Limiting your Colour Palette by Jo Garlick

Limiting your Colour Palette by Jo Garlick
25th June 2019 Helen Bullock
In Unison News

June isn’t the most obvious month for thinking about winter scenes – but for me it is when I start to plan out my Christmas card designs (I know – too early!).  The main focus of my work is wildlife and for some reason I have always struggled to get inspired by landscapes.  If you are the same, then this exercise can be a good place to start.  Choosing a winter scene limits your colour palette and creates strong contrasts. For this image, I used a palette of mainly blues and purples and then yellows at the end to add contrasting highlights.  No black or white was used in producing this picture!

I began by mapping out my composition with a range of midtones in purples and blues, then adding lighter hues to create definition.  I then focused on the distant hills and the sky, muting the colours slightly but keeping it cool and crisp.  I chose pastels such as A32, A33, A34, A51, A55, Grey 8, Grey 9, Grey 10, BG5, BV10, BV8 throughout.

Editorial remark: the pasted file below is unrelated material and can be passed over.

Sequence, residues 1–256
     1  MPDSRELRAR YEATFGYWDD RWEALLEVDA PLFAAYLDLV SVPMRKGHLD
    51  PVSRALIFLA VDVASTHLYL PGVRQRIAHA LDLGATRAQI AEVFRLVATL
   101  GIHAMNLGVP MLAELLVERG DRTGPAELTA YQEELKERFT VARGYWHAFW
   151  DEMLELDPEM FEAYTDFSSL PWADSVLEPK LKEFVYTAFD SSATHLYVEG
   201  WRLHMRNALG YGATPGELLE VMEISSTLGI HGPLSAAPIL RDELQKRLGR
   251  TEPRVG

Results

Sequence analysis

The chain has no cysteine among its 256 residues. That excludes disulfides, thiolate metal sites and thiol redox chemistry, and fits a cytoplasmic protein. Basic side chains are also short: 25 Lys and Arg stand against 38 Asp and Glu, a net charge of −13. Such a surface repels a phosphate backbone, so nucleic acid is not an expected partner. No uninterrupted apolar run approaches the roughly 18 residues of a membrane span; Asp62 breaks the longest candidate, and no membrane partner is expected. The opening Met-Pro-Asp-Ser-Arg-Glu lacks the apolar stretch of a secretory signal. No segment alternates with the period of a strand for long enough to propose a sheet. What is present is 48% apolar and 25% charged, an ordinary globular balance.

I then started to put in the really dark tones.  For these the Unison darks are brilliant such as Dark 19, Dark 20 and A49.  A snow scene can create really strong contrast and I accentuated this further with the darks colours as I feel it creates a more striking result.

When working on a picture I don’t focus on one ‘section’ at a time.  I try to work on the picture as a whole which creates a stronger sense of unity.  I keep going back to areas to add highlights, texture and detail (whatever it needs).  I usually leave the contrasting highlights until the end as these are the points that can really lift and finish the picture.  For those I used colours such as A7, Light 3 and A31.  I also used a small amount of Orange 6 which really lifted certain areas.

Limiting my colour palette was oddly liberating and therapeutic.  It was easier to regain focus on tone and composition and I would recommend it to anyone.  If snow scenes aren’t your thing then a sunset or a scene at dusk (below) can also work really well as a starting point.


Jo Garlick